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Re : responding to events at the SC

The following article appeared in yesterdays Financial Times (6th December
1999). It looks as though things are going to come to a head in the
Security Council this week.

At the National Co-ordinating meeting on Saturday we discussed ideas as to
how to respond if/when the resolution gets passed (or doesn't get passed).

Both contingencies are ominous - US officials have stated that the US is
prepared to walk away from the negotiations if they don't get there way
(Washington Post, 20th November 1999) - and clearly leaving things in
their current state is totally unacceptable.

On the other hand we felt that there was a real
danger that, is passed, the resolution (and the spin it
will doubtless receive in the media) could deflect the growing pressure
for lifting the economic sanctions *without addressing the humanitarian
crisis*. This, in many ways, is what happened with the earlier
oil-for-food resolutions.   

Here (very briefly) are some of our thoughts :

We agreed that, if the resolution is passed, the focus of our response [to
the media etc...] should be the continuing linkage between weapons
inspections and the humanitarian crisis, which we want to see broken.

It appears that measures such as removing of the cap on oil
sales under "oil-for-food" are conditional upon the setting up of the new
arms commission (UNCIM). This, presumably, would require the Iraqi
Government to agree to the resolution - which it has said it will reject -  
and to letting UNCIM into the country. 

Similarly the "suspension" of sanctions and the [crucial] authorisation of
foreign investment for Iraq's oil industry could not happen until after a
prolonged period of co-operation with the new inspectorate (perhaps as
long as 10 months).

We should stress that addressing the humanitarian crisis in Iraq is a
matter of *great urgency* and that it is deeply immoral to make
measures that could make a positive difference conditional upon the
Iraqi Government agreeing to - and then co-operating with - a new set of
weapons inspectors.

We also agreed that we should try to nail the British Government
down as to what, exactly, it thinks the impact of the measures contained
in the resolution would be on the humanitarian crisis. 

In particular, to what extent could these measures lead to the
"sustained revival of the Iraqi economy" without which, the UN 
Humanitarian Panel noted earlier this year, the humanitarian situation in
Iraq would continue to be "dire" and which, it also noted, "cannot be
achieved solely through remedial humanitarian efforts" ?

It was felt that it would be a good idea to try and flood the FCO with
letters, postcards, phone-calls etc... as soon as the outcome of the
negotiations becomes clear (and we have the necessary information upon
which to base our response !). Similarly we should try to respond, as best
we can, to the media coverage.
Hope these thought are of some use to people. I'll post something more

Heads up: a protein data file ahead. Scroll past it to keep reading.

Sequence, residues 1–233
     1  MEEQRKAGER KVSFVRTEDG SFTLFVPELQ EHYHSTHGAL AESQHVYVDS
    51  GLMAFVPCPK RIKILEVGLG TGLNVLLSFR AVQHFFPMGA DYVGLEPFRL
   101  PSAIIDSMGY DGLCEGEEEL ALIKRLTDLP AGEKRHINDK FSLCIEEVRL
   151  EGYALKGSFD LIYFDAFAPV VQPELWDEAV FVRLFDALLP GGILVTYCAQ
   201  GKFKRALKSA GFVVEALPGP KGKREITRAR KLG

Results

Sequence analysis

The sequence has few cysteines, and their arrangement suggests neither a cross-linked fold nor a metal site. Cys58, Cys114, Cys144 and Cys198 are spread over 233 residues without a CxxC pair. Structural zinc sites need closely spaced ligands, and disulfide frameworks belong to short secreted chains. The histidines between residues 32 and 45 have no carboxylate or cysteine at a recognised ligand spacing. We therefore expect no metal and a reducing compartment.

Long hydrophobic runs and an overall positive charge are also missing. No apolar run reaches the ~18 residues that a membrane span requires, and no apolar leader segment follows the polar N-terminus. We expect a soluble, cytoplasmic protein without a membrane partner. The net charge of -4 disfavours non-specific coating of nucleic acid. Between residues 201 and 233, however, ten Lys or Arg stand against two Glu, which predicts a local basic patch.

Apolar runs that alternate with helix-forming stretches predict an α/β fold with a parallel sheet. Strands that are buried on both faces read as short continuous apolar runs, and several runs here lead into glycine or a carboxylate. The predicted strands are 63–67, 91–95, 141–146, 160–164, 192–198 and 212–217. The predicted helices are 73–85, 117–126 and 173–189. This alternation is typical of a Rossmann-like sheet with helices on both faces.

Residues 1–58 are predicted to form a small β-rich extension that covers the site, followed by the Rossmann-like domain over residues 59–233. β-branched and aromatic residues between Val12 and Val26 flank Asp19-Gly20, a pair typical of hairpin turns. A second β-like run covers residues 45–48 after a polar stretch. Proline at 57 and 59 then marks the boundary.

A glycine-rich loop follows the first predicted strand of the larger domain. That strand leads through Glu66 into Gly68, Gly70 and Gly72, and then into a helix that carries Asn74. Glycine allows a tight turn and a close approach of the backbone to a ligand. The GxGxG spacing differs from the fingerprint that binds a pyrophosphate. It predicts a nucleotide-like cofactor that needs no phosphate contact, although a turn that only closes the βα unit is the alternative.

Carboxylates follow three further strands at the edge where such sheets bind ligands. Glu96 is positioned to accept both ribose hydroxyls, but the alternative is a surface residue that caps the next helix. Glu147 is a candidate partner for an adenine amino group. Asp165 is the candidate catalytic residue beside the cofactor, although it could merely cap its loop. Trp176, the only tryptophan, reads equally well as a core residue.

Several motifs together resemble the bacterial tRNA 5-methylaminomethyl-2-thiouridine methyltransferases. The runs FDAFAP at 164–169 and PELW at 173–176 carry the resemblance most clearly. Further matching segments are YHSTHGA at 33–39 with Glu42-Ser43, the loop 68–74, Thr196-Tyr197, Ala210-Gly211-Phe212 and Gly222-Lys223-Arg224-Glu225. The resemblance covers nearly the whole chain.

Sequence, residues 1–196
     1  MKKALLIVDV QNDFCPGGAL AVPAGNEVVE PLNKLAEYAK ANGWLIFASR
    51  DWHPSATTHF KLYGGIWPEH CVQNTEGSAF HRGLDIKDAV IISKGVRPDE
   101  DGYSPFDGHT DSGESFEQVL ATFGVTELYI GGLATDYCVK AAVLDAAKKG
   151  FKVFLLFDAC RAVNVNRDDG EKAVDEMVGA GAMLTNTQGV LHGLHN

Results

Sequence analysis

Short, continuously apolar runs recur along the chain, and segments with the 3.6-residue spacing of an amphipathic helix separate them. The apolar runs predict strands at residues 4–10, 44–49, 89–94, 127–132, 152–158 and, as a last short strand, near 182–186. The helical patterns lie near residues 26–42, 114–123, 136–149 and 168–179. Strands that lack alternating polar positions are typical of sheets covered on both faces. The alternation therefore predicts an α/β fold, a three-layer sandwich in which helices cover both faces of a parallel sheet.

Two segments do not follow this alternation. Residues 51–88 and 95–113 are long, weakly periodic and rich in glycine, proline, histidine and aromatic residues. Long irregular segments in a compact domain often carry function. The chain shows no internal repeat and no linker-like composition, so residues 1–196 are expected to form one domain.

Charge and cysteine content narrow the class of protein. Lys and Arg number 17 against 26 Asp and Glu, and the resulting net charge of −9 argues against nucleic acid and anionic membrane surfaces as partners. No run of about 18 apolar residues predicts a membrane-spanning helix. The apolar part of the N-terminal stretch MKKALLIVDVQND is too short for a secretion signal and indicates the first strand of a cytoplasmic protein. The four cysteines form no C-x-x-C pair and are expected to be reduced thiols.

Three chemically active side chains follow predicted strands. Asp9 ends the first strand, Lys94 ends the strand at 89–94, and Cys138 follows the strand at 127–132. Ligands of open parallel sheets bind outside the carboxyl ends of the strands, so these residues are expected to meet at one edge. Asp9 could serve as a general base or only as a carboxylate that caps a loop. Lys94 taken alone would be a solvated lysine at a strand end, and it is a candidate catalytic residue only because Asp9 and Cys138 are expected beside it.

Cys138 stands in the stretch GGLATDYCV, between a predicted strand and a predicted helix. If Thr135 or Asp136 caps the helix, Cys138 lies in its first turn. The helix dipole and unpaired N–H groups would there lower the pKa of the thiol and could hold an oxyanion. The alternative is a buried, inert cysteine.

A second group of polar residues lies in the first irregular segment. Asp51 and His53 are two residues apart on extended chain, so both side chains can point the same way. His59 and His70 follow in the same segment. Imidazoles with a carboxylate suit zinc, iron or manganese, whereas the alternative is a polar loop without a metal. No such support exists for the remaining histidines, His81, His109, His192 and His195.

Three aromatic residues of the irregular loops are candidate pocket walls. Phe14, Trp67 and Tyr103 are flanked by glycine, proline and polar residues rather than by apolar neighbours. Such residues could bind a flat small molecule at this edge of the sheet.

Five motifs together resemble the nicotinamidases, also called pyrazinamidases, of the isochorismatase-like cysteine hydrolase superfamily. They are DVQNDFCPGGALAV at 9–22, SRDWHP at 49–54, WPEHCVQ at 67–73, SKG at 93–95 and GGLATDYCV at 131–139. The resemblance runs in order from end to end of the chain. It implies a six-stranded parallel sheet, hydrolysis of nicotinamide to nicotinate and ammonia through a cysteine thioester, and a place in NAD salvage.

detailed later in the week.



Iraq sanctions deal moves closer 
By Carola Hoyos at the UN, and Stephen Fidler in Washington

A year of bitter wrangling over United Nations sanctions towards Iraq is
expected to come to a head this week.

The dispute centres on a resolution, supported by most of the council,
that gradually eases UN sanctions on Iraq if it allows the return of arms
inspectors and takes steps to abandon its weapons programmes. The
prospects for adoption of the resolution improved in recent weeks with
indications that Russia, Iraq's strongest supporter among the five
permanent members of the council, would be willing to at least abstain
instead of using its veto.

If Russia does abstain, France and China would probably follow.

Without Russian and French support for the resolution it is unlikely that
these two countries would be willing to try to persuade the Iraqis to go
along with the resolution.

Last week Moscow added uncertainty to its position by proposing amendments
to the resolution, some unacceptable to the US and Britain. But diplomats
say Moscow is looking for a politically graceful way to accept the

Russia's ambassador to the UN, Sergey Lavrov, is due to return to UN
headquarters today after meeting Tariq Aziz, Iraq's deputy prime minister,
in Moscow.

Despite the council's differences, the US and Britain are pushing for a
vote on the resolution by the end of the week, using the expiry of the
UN's oil-for-food programme as a lever to introduce the new sanctions
regime. On Friday the council extended the programme, which allows Iraq to
purchase food and medicine using oil revenues, for one week instead of the
usual six months. The vote drew three abstentions and one no-vote in

Madeleine Albright, US secretary of state, last week discussed Iraq with
her counterparts in Moscow, London and Paris. "We would expect those
consultations to intensify in the coming week," said James Rubin, US state
department spokesman. "We certainly believe that the time has come to move
quickly to a vote," he said.

The US is especially keen to push the resolution to a vote before the end
of the year when five new members join the council, four of which are
expected to be less sympathetic to the US agenda in Iraq. Additionally,
the Clinton administration does not want the issue of sanctions against
Iraq to arise during the US presidential election campaign.




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